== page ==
Maternal and newborn data was linked to specific catchments by the B.C. Perinatal Health Program (BCPHP) using the postal code of maternal residence regardless of the actual location of delivery. Catchments were stratified by distance to nearest maternity service or level of local service as shown in Table 1. When a hospital changed service level during the 4 years of the study we changed the service level designation and linked the data with the appropriate strata.

Table 1 Summary of obstetric service levels for Rural British Columbia (2000-2004)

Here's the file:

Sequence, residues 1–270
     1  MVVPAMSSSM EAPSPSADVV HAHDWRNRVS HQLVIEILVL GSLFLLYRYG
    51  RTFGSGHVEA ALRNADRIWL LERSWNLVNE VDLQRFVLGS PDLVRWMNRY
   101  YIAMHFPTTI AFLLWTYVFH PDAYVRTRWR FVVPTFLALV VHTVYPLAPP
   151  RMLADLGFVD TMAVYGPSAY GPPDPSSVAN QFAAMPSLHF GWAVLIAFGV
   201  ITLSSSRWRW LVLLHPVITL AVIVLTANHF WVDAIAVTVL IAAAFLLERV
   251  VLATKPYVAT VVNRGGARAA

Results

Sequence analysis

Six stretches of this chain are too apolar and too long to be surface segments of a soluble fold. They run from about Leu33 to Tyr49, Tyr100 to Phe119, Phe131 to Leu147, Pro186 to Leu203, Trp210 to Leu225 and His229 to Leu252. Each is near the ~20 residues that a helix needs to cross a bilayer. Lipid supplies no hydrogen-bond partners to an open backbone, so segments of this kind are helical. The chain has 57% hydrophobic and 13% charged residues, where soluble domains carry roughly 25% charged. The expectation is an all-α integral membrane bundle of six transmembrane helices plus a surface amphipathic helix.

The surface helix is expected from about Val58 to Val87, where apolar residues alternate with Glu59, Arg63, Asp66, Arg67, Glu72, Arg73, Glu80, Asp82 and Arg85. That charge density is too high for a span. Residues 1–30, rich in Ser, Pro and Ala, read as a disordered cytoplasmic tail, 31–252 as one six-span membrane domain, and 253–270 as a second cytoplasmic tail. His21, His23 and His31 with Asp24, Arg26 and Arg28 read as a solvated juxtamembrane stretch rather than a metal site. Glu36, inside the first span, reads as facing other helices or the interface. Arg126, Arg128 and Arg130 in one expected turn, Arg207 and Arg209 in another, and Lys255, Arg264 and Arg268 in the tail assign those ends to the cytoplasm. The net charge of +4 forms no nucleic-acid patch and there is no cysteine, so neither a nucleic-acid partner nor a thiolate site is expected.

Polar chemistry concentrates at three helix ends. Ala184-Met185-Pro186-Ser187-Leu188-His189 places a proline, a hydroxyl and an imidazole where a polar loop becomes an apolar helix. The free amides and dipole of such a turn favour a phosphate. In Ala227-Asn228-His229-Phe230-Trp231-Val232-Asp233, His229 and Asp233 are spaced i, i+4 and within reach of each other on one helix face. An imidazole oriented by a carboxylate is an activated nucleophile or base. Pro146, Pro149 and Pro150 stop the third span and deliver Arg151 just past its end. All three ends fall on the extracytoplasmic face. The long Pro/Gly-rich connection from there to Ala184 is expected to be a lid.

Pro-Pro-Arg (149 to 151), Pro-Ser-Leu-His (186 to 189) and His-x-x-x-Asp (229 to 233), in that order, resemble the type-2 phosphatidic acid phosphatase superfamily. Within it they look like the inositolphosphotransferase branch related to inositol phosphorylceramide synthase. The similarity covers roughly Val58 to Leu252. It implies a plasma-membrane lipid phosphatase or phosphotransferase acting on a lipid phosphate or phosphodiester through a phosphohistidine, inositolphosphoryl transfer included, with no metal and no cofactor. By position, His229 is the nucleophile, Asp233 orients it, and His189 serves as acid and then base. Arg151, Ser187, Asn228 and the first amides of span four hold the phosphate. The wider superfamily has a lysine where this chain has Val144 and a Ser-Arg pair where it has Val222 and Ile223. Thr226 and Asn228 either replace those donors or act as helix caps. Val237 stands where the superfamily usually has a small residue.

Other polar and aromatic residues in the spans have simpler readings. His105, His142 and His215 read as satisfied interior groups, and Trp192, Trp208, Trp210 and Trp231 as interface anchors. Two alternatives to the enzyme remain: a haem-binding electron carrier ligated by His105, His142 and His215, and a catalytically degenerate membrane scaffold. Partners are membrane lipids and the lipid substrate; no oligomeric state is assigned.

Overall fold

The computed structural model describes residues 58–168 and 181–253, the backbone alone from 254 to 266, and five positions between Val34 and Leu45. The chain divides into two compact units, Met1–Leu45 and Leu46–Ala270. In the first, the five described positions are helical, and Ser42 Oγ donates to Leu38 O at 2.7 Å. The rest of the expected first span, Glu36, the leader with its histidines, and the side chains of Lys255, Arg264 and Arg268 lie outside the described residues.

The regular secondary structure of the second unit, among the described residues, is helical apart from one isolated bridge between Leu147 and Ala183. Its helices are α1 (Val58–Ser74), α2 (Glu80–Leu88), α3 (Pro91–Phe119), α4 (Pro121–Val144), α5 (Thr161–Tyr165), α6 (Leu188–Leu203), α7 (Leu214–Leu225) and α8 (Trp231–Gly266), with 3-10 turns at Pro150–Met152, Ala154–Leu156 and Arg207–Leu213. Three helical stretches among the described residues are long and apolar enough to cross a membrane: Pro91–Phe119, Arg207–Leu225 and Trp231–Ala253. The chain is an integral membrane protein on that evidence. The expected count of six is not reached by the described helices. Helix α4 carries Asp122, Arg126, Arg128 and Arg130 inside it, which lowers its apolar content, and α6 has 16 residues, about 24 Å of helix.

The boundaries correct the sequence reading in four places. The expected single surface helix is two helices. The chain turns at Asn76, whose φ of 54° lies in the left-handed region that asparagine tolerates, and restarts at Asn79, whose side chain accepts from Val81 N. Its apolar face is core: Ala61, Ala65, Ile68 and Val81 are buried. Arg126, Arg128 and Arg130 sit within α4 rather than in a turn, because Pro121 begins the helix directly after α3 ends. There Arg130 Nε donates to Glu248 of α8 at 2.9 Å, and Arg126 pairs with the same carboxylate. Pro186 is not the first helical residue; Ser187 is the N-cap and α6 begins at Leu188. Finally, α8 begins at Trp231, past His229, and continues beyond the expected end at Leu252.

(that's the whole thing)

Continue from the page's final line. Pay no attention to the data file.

To test for significant associations among obstetric service levels and maternal characteristics, risk factors, and perinatal outcomes, a one way Anova was performed for continuous variables and the chi square test for categorical variables. P values of < 0.05 were deemed significant. Findings are displayed in Table 2.

Table 2 Maternal characteristics and ecological determinants by obstetric service level (N = 49,402)